Project Syndicate

The varieties of consumer revival

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One of the most striking features of COVID-19 is its uneven effect. Many people remain healthy, while others have become seriously or even fatally ill. The pandemic’s economic impact has been similarly unequal, with some households being spared any financial hardship and others struggling or even wiped out.

Those differences matter as we look forward to the post-pandemic economic recovery. Although consumer spending accounts for about two-thirds of economic activity, it is a mosaic, not a monolith.

At the McKinsey Global Institute, we recently analyzed consumer demand and behavior during the pandemic in China, France, Germany, the United Kingdom, and the United States. We placed consumers into age and income cohorts to determine the strength and shape of the spending recovery. We then examined which pandemic-induced behavioral shifts may persist after the crisis ends.

Overall, we found that the exceptional nature of the COVID-19 economic shock provides reasons for optimism that consumer spending will rebound rapidly once the pandemic is over. Unlike many previous recessions, this one involves no consumer debt overhang, collapsing asset-price bubbles, or long-term business-cycle fluctuations.

The sudden and deep drop in consumption across China, the US, and Western Europe, ranging from 11-26% in the early months of the pandemic, resulted mainly from cutbacks to in-person services, especially travel, entertainment, and restaurants. These sectors had previously been growing steadily, and consumer surveys indicate a likely strong pickup in demand after the pandemic.

The spike of 10-20 percentage points in the savings rate in the US and Western Europe in 2020 (amounting to a doubling of annual savings in the US) has left many households in a strong position to spend. As soon as China contained the coronavirus, for example, consumers started spending again, returning to pre-pandemic activities like dining out, going to movies and concerts, and flying domestically to visit family and friends.

But our analysis of different age and income segments shows that the recovery is likely to be imbalanced, especially in the US. Whereas many higher-income households will emerge from the crisis largely unscathed financially, lower-income households have lost jobs or face income uncertainty. Moreover, many service-sector jobs have changed as firms have automated their operations and moved online, potentially slowing the employment recovery. Once stimulus measures expire, therefore, consumption could become more polarized between income segments.

The recovery in consumer spending is likely to be more uneven between income and age cohorts in the United States than in Europe.

Given this, we expect spending by middle- and high-income cohorts in the US to bounce back to pre-pandemic levels in 2021-22, while spending by low-income groups could drop below pre-pandemic levels once stimulus measures end. In Europe, we expect a slower but more balanced recovery, with less pronounced inequality than in the US, although there, too, without additional government stimulus, low-income cohorts will probably recover more slowly than high-income households.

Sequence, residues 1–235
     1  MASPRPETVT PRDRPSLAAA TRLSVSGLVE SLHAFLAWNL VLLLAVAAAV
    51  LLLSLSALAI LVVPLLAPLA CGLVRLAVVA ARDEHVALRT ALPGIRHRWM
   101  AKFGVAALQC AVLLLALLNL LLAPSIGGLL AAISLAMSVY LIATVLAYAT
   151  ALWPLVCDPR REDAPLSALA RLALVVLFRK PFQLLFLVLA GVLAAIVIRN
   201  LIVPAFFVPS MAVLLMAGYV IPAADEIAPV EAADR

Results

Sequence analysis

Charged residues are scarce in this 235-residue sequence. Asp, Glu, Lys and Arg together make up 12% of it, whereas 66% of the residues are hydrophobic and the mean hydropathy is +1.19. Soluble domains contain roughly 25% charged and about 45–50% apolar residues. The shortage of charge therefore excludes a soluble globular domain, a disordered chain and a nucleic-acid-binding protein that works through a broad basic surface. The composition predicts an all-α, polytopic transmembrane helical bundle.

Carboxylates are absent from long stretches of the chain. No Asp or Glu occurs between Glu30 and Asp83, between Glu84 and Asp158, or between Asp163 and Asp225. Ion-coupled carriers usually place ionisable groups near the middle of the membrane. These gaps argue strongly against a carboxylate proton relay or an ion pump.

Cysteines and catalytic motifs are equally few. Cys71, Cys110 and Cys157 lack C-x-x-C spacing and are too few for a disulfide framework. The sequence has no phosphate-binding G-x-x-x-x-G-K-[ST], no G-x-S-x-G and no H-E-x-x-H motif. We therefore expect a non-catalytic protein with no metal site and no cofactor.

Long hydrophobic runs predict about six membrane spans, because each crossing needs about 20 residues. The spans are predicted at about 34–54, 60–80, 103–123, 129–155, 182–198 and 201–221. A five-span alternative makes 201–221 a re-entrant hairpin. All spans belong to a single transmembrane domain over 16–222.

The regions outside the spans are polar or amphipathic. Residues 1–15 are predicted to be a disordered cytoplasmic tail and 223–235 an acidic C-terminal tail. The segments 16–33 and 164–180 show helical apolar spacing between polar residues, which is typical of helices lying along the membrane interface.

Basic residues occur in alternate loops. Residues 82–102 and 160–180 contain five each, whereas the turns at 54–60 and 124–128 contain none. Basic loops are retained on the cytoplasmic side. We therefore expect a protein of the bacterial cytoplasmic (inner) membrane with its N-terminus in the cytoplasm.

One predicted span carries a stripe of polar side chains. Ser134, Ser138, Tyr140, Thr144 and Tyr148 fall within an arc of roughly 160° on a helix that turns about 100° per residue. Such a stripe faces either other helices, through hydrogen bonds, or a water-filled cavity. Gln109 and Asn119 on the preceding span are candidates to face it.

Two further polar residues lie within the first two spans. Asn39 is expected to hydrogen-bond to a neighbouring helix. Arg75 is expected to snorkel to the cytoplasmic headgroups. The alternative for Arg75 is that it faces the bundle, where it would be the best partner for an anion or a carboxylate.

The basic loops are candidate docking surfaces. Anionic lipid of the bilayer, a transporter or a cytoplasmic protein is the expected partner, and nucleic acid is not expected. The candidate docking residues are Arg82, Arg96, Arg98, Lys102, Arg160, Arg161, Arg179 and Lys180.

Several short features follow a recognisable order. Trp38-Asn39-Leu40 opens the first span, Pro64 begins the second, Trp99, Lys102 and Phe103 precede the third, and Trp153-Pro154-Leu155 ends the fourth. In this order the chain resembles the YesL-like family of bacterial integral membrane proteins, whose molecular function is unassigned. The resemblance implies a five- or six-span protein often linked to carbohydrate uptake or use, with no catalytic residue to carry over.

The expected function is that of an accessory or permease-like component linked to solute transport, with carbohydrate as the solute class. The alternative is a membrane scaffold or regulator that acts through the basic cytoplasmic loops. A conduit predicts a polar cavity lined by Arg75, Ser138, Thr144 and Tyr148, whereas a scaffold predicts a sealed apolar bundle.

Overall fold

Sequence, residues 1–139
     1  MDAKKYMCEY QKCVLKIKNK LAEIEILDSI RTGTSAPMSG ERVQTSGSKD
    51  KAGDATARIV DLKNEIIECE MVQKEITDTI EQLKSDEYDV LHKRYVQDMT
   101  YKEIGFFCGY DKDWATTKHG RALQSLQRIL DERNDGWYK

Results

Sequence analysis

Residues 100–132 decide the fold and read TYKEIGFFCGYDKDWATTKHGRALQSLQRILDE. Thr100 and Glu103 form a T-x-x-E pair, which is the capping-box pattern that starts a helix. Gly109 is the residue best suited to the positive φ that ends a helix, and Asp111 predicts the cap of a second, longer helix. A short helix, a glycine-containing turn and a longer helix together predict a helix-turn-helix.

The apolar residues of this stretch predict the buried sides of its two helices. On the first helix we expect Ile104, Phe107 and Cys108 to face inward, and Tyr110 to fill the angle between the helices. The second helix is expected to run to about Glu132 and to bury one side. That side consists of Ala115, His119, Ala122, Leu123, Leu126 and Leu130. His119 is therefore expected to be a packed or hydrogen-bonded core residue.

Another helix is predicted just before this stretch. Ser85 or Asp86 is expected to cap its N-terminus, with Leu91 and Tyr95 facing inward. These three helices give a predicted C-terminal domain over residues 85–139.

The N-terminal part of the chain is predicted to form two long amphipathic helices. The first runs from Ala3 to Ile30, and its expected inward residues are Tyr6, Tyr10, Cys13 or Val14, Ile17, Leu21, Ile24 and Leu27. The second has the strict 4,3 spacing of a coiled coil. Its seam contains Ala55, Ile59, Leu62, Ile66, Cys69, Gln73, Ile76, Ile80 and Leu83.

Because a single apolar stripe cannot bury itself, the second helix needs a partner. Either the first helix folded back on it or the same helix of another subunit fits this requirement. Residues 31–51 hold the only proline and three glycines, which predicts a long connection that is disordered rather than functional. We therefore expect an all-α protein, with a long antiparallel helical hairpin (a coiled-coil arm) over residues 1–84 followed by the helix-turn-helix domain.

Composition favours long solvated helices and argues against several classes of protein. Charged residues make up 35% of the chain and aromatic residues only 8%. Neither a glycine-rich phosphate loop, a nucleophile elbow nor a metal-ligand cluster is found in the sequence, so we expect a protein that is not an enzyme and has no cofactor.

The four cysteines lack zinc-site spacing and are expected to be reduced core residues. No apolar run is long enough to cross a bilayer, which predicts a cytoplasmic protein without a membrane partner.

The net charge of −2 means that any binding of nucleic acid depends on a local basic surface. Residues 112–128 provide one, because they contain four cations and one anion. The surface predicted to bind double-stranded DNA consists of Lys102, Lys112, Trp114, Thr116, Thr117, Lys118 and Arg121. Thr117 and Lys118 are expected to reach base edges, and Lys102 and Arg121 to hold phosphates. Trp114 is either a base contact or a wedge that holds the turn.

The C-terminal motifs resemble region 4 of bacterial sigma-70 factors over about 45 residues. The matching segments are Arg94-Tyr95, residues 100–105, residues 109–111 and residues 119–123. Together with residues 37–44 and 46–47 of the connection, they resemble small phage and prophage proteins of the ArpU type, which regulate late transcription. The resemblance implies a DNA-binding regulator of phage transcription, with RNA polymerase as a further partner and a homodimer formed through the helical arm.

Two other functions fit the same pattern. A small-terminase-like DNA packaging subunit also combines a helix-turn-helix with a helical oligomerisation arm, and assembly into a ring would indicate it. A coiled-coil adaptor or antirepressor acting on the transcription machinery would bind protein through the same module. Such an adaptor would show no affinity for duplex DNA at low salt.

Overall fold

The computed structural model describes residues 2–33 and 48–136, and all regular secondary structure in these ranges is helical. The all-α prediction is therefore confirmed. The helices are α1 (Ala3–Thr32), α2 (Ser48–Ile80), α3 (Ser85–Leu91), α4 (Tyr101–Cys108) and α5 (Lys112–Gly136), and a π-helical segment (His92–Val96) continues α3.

But what consumers spend on matters, too. And the pandemic has interrupted, accelerated, or reversed many long-standing consumer spending habits.

To determine whether these pandemic-induced behavior changes are likely to stick, we examined six consumption shifts across a broad range of sectors that cover almost three-quarters of consumer spending. These shifts include an acceleration of e-grocery shopping, sharply lower spending on live entertainment, “home nesting” (higher spending on items such as home gyms, backyards and gardens, and gaming equipment), a decrease in leisure air travel, a switch to remote learning, and an increase in virtual health-care visits.

What behaviors stick and what will not differ by sector and geography, but overall we find e-grocery is the most sticky and remote education the least.

Two consistent patterns stood out. First, the COVID-19 pandemic accelerated digital adoption, especially in grocery shopping and health care, and we expect this to continue.

Second, the pandemic and associated lockdowns, by encouraging home nesting, reversed the longstanding decline in money and time spent at home. We anticipate that this behavior will persist as well, because some people in high-income households will continue to work more from home after the pandemic, while low-income households will retain low-cost, at-home digital entertainment.

At the same time, many other behaviors that the pandemic interrupted – including leisure air travel and in-person education and dining – will likely resume with the recovery, although potentially in modified form.

While consumer demand is a prerequisite for behavioral changes, the speed and depth at which these changes become embedded within a population depend on the actions of governments and industries. For example, product and service innovations shape consumers’ choices, and government regulations nudge their behavior. What companies and policymakers do will shape post-pandemic consumer behavior at least as much as consumers themselves.

Each major economic crisis in the past left its mark on consumer behavior. The Great Depression created a generation of careful savers. The 1973-74 oil-price shock kick-started a move toward energy efficiency and reduced environmental impact. As the greatest economic disruption of this generation, the COVID-19 pandemic also will have a lasting impact on consumer behavior – but one that may be more varied and divergent than ever before.

This article first appeared in Project Syndicate.